“The days are coming,” declares the LORD, “when I will make a new covenant with the people of Israel and with the people of Judah. It will not be like the covenant I made with their ancestors when I took them by the hand to lead them out of Egypt, because they broke my covenant, though I was a husband to them,” declares the LORD. “This is the covenant I will make with the people of Israel after that time,” declares the LORD. “I will put my law in their minds and write it on their hearts. I will be their God, and they will be my people. No longer will they teach their neighbor, or say to one another, ‘Know the LORD,’ because they will all know me, from the least of them to the greatest,” declares the LORD. “For I will forgive their wickedness and will remember their sins no more.”

Why then the Law?

So, the Law of Moses was given to Israel, to show men that they are sinners, in need of a savior. To show us that we need something better. We need a savior to can pay for our sins, and give us a new covenant.
Hebrews talks quite a bit about this. In talking about Jesus being a better Priest than the Levitical/Law Priesthood:
Hebrews 7:18–19 NIV
The former regulation is set aside because it was weak and useless (for the law made nothing perfect), and a better hope is introduced, by which we draw near to God.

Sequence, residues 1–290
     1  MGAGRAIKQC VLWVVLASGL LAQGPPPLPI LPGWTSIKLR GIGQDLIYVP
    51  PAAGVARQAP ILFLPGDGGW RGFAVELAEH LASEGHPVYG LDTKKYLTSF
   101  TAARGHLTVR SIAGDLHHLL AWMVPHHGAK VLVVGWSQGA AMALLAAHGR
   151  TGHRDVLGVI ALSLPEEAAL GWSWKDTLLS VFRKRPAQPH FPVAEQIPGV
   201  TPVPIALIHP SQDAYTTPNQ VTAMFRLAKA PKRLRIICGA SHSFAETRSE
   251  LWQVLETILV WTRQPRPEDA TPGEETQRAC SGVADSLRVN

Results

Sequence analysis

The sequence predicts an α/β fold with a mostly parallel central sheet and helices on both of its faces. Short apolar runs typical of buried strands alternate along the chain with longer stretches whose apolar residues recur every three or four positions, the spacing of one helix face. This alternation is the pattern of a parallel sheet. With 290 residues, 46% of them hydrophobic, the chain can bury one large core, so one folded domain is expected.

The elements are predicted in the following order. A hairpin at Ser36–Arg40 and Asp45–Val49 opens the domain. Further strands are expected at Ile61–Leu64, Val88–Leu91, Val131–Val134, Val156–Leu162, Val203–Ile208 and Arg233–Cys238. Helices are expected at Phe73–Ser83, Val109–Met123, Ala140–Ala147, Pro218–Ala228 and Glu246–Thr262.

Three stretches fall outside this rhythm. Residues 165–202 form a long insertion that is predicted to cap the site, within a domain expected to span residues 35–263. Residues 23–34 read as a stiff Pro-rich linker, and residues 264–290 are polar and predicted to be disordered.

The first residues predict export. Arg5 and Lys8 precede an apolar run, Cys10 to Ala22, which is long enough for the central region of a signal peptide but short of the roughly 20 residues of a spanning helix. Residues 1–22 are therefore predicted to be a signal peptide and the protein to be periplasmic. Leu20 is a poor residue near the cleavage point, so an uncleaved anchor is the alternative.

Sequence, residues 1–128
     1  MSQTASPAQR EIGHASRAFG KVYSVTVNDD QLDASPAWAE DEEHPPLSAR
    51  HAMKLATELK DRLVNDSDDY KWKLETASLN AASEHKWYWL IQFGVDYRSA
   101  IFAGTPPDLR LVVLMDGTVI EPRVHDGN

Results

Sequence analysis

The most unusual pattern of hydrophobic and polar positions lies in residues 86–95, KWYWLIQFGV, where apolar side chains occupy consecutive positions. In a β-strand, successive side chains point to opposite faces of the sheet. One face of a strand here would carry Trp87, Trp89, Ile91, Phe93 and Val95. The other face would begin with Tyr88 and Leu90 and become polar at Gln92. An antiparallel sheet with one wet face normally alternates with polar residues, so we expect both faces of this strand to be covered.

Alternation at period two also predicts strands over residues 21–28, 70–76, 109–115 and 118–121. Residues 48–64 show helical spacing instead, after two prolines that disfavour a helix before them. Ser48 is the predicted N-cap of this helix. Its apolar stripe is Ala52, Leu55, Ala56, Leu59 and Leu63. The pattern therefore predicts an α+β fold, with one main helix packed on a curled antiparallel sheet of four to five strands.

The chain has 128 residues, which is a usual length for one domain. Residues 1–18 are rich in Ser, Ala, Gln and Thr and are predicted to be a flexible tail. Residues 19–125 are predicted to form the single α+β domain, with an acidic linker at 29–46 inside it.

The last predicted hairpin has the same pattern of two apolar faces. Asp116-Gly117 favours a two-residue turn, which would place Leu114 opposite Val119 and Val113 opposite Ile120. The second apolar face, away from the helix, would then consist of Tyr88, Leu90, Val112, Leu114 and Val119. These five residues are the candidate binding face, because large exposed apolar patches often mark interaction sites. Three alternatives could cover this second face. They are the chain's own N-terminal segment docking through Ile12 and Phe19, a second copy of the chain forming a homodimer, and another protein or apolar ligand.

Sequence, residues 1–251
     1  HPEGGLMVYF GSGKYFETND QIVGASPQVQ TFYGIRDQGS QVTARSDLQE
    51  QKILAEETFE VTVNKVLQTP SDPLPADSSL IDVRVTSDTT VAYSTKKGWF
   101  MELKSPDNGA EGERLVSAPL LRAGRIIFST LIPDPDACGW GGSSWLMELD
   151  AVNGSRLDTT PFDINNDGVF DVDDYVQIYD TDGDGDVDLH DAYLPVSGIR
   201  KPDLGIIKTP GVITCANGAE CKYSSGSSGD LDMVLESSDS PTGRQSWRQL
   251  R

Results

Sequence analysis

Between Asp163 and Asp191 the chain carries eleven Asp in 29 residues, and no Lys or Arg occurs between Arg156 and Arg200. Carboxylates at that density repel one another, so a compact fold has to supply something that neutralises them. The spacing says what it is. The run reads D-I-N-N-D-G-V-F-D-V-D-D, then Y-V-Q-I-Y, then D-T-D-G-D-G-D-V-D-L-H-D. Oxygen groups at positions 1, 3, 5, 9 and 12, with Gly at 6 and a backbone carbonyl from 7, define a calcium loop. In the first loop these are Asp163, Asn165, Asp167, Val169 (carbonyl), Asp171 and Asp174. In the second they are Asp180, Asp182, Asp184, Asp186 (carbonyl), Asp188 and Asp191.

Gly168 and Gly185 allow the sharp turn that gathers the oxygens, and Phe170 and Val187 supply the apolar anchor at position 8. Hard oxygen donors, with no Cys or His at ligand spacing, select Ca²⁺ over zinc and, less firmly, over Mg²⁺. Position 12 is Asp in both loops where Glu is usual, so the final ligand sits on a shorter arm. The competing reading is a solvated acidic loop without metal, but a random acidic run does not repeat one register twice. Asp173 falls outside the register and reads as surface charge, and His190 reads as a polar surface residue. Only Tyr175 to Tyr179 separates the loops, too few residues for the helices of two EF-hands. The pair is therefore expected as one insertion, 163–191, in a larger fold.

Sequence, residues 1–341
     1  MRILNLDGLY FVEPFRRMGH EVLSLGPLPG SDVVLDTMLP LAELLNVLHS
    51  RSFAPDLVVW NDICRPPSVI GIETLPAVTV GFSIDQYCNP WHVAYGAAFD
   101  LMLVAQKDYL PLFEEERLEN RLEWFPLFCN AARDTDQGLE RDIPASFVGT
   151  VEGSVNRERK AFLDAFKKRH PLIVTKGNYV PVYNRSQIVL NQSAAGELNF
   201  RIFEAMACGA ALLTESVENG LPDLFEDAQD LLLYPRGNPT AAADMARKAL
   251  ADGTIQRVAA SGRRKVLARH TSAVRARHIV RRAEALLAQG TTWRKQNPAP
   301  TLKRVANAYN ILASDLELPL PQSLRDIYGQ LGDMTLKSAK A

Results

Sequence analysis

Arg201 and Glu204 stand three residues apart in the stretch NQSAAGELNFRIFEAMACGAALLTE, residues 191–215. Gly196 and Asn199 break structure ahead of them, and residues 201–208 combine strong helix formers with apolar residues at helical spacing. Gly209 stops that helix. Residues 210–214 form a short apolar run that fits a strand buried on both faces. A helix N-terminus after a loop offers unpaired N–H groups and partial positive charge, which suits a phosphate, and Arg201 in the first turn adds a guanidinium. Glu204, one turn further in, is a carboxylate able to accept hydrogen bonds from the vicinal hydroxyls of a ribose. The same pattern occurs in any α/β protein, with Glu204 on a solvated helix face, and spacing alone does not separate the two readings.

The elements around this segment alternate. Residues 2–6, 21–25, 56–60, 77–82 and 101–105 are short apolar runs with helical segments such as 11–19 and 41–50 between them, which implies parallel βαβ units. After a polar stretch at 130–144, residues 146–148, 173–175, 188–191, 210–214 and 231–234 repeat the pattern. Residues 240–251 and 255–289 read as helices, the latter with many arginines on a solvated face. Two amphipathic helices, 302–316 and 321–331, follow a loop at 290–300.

Hebrews 8:7–13 NIV
For if there had been nothing wrong with that first covenant, no place would have been sought for another. But God found fault with the people and said: “The days are coming, declares the Lord, when I will make a new covenant with the people of Israel and with the people of Judah. It will not be like the covenant I made with their ancestors when I took them by the hand to lead them out of Egypt, because they did not remain faithful to my covenant, and I turned away from them, declares the Lord. This is the covenant I will establish with the people of Israel after that time, declares the Lord. I will put my laws in their minds and write them on their hearts. I will be their God, and they will be my people. No longer will they teach their neighbor, or say to one another, ‘Know the Lord,’ because they will all know me, from the least of them to the greatest. For I will forgive their wickedness and will remember their sins no more.” By calling this covenant “new,” he has made the first one obsolete; and what is obsolete and outdated will soon disappear.
I plan to take more time to go through Hebrews with you at a later date. It is awesome to read through how this New Covenant, which replaces the Old Covenant, is so much greater! But let me finish this reading in Hebrews with chapter 10:19-25.
Hebrews 10:19–25 NIV